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A Three-Point Framework for an Evangelical Theology of Animal Care
Recently, there has been a heightened sense of justice within the evangelical community for the welfare of various “others”. Yet one group within creation has often received little attention:
Admittedly, though I adore my spunky Terrier-Boxer-Pug dog Zoe, I haven’t much considered how caring for animals connects to my faith. But Christian activist Sarah Withrow King has caused me to rethink how animals fit into God’s broader creation plan and re-creation initiative through Christ.
King’s new book is called Vegangelical “because caring for animals has helped me appreciate the Good News in deeper and wider ways, and though the work is often heartbreaking, I have hope in a resurrected Christ, who is calling his whole creation home.” (16)
She opens her book by carefully outlining an evangelical theology of animal care. Her framework pivots around three themes: image of God; dominion and stewardship; and other-love. She chose these three, “because they are foundational in the development of a whole-life ethic.” (25)
Below we’ve briefly engaged them to help you better understand a biblical approach to the human-animal relationship.
The Image of God
How ought our being made in God’s image inform our treatment of animals? One way King answers this question is by homing in on the way we’ve typically defined that image:
We humans have a troubling historical habit of insisting on identifying ourselves as “the climax, the most significant, of all of God’s creative work” without any examination of how that interpretation has damaged humanity’s relationship with God, with one another, and with God’s creation. (40)
Though we are representational of the Creator, she explains we are also his representative. Here, she directs us to J. Richard Middleton’s work, who reminds us that we are “priests of creation, actively mediating divine blessing to the nonhuman world” (The Liberating Image, 88). She submits that “Every violent abuse of power, every bullying act, is a mutilation of God’s image and a violation of the stewardship…” (40) Creation suffers at all levels when we get this representation wrong.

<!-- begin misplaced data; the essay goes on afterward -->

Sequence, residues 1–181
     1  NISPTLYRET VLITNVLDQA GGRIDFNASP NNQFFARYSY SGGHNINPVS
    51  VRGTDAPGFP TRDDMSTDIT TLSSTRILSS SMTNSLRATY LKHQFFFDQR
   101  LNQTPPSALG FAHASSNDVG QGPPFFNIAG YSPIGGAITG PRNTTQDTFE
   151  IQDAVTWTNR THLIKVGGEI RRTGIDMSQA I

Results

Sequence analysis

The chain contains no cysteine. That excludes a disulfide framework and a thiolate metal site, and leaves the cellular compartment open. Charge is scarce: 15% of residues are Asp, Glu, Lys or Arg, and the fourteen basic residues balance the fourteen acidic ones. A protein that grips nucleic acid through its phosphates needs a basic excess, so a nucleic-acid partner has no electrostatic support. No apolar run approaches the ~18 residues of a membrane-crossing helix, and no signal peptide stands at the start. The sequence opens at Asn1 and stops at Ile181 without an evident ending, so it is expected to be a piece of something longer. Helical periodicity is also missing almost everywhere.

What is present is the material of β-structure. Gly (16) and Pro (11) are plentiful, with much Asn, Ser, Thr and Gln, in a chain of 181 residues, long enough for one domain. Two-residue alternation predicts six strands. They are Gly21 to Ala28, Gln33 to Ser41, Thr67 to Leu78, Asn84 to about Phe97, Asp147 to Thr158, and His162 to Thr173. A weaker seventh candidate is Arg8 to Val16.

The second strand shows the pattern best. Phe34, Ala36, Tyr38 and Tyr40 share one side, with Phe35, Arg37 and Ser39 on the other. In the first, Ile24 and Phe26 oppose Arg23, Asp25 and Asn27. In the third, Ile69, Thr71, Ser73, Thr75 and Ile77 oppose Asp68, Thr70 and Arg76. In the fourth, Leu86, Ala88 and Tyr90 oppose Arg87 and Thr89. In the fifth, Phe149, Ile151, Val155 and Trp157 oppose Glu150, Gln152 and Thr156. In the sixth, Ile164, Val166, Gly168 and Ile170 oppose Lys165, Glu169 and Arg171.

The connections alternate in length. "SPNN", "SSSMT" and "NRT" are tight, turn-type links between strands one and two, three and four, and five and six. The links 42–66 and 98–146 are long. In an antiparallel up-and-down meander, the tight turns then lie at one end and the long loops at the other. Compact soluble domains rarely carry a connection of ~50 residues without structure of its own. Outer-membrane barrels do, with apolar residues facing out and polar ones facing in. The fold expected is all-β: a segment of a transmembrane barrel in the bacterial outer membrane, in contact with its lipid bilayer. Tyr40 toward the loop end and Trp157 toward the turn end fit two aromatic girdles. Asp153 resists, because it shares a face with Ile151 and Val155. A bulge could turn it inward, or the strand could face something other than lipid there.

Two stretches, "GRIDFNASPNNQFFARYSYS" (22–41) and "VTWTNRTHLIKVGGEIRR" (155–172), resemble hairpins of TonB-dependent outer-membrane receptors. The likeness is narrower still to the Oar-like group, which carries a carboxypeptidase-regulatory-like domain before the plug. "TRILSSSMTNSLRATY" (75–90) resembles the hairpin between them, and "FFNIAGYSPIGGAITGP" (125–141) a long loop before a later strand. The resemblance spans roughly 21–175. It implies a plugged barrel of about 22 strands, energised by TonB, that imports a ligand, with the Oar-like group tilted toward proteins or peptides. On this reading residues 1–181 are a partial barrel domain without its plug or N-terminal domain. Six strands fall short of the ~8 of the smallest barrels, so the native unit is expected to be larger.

What does this mean for animal care? “To be made in the image of God is not a license to conquer and kill; it is a charge to keep and till…It is a Trinitarian charge.” (41)
Dominion and Stewardship
In what way is our stewardship and dominion of creation compatible?
Though some scholars have translated the Hebrew r-d-h as “dominion over” or “mastery among,” King argues “Genesis 1:26 reminds us that our mastery among creation is conditional on our creation in the image of God.” (56) Which means we are “to pursue a life of righteousness, mutual submission, and generative love.” (56)
Building on the previous rung in her framework, King directs our attention to the Trinitarian nature of our dominion and stewardship responsibilities. “The role of humanity in creation is a Trinitarian one,” in which the mutuality of the perichoresis is to guide our relationship with animals. (57)
King echoes Bauckham’s work, who traced the historical interpretation of “dominion” and found the human-creation hierarchy is conditioned by mutuality. She argues, “since all of creation exists to serve and glorify the Creator, ‘do unto others’ applies in the context of all human relationships: human to human, human to animal, human to tree, and human to air.” (57)
Loving the "Other"
How are we called to extend mercy to “the least of these,” including the animals?
Part of King’s answer flows from the parable of the good Samaritan in Luke 10, which illustrates how often we distance ourselves from the so-called “other.” “In many ways we have conditioned ourselves to mark our special territory in the world, to show ourselves and others that we are set apart, different, special, better.” (72)
King suggests some Christians follow this exclusion by rejecting modern animal rights which insists there isn’t a meaningful difference between us and animals. Yet she suggests animals are less “other” than we admit: “We now know that animals and humans alike possess the ability to feel pain, to use tools and language, to develop social systems and structures, to seek and grant justice, to empathize, play, love, and mourn.” (72)
And we forget that “God came to us in the form of a human who embraced those who were rejected and ‘otherized’…God served the other, sacrificed for the other, loved the other, without ever not being God.” Given this biblical truth, King argues, “by showing compassion [to animals], we are being the best version of humans that we can be.” (73)
“[Christians] have little, if any, theological framework to govern our treatment of animals,” which has left us “without a biblical approach to issues like factory farming, animal experimentation, and so on.” (18)
Vegangelical bridges this gap, offering Christians a theological and practical framework for considering their relationship to fellow creatures. Read it, engage it, and discuss it to understand how caring for animals can shape your faith.
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